Another strike in DU; VC says academic loss matter of concern

The Vice Chancellor voiced concern over the loss of academic days while appealing to staff members to return to classes and shun the "confrontationist" approach.

New Delhi: As the teachers association of
Delhi University began another round of strike, the Vice
Chancellor today voiced concern over the loss of academic days
while appealing to staff members to return to classes and shun
the "confrontationist" approach.

With a number of days already lost due to a series of
strikes and agitations, the University administration had to
recently postpone the semester examination by over 15 days.

But, Delhi University Teachers Association (DUTA)
refused to budge from its stand against the newly introduced
semester system in 13 science undergraduate courses and
announced another five-day strike starting today.

At a press conference today, Prof Deepak Pental said
as many as 17 working days had already been lost in this
academic session due to which exams have already been shifted,
but now a further loss would spell trouble for the students.

"The syllabi are already behind schedule. The loss
already occurred could be compensated by extending the working
days, which the University has done, but if regular classes
are not held now the syllabus would suffer," he said, as most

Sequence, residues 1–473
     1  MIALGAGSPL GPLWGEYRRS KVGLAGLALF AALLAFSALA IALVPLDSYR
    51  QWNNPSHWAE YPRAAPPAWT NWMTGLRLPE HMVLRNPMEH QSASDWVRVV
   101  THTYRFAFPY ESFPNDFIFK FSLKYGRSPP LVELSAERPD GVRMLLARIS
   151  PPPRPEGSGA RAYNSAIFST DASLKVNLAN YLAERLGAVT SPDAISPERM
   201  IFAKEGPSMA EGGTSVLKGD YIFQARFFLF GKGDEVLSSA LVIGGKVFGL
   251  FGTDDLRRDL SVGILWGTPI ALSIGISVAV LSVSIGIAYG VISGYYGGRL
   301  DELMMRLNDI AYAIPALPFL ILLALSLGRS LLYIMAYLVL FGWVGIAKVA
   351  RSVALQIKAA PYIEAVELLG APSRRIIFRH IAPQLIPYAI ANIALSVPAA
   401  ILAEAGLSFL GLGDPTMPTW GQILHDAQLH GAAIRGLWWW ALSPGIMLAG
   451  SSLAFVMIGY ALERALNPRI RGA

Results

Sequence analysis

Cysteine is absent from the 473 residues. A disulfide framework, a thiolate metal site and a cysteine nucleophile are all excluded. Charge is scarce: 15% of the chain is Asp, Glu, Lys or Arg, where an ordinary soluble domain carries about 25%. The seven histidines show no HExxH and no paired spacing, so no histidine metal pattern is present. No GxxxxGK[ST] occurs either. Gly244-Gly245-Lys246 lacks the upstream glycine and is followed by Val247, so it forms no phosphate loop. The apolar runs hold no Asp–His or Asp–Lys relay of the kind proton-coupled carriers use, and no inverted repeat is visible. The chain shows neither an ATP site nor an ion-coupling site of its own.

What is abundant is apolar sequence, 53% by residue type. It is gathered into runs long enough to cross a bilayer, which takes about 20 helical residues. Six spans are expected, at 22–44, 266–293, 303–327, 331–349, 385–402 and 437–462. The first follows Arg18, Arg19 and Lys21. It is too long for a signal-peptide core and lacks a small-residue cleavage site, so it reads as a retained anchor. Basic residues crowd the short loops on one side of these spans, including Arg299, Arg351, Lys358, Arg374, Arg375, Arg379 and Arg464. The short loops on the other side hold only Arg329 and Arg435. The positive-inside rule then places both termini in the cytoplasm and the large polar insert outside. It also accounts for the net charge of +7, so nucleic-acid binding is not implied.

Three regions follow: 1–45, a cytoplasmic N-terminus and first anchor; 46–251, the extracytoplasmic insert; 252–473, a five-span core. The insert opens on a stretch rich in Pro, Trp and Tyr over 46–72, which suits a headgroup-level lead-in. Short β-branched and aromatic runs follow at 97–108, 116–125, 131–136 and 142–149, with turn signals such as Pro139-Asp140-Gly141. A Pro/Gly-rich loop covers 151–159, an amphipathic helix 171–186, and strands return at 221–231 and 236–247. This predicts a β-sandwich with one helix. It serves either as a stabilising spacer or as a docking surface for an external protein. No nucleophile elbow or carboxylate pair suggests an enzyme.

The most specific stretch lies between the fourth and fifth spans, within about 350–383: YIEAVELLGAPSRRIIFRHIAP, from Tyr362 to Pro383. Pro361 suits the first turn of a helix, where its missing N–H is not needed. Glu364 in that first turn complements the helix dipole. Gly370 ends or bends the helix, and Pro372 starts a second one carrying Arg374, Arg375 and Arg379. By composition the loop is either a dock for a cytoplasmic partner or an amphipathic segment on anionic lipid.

colleges remained deserted today due to the strike.

He appealed to the striking teachers to keep in mind
the future of students and return to work.

In a bid to force teachers to refrain from striking,
the University had also issued a `no work no pay` notice,
asking principals to make sure teachers sign the attendance
registers and that their salaries are deducted if they do not
report for classes.

However, DUTA has called on teachers not to sign any
attendance registers, while labelling the tactics as illegal
and coercive.

They have also labelled the semester system
illegal as according to them it was imposed without the
sanction of the Executive Council and the Academic Council.

Before the colleges closed down for the Commonwealth
Games period, frequent strikes had prevented regular teaching.
As colleges reopened post-Games, things have not changed.

In fact, 11 of the 30 colleges where semesters are
supposed to be held, are still not teaching in the semester

This has left students in a state of utter confusion,
with some of them not yet sure whether to expect a semester or
annual exams.

Pental said the varsity would also send a copy of its
`no work no par` notice to the UGC, which is the authority
that sanctions funds to the University.

"It is not the University`s money which we get as
salary, it is after all public money," he said, adding, there
should be accountability for teachers` work.

If the semester system is "illegal" as the DUTA
claimed, he asked, "why don`t they challenge it in court".

The DUTA, however, remained unfazed and responded by
saying that they do not recognise Deepak Pental as the Vice


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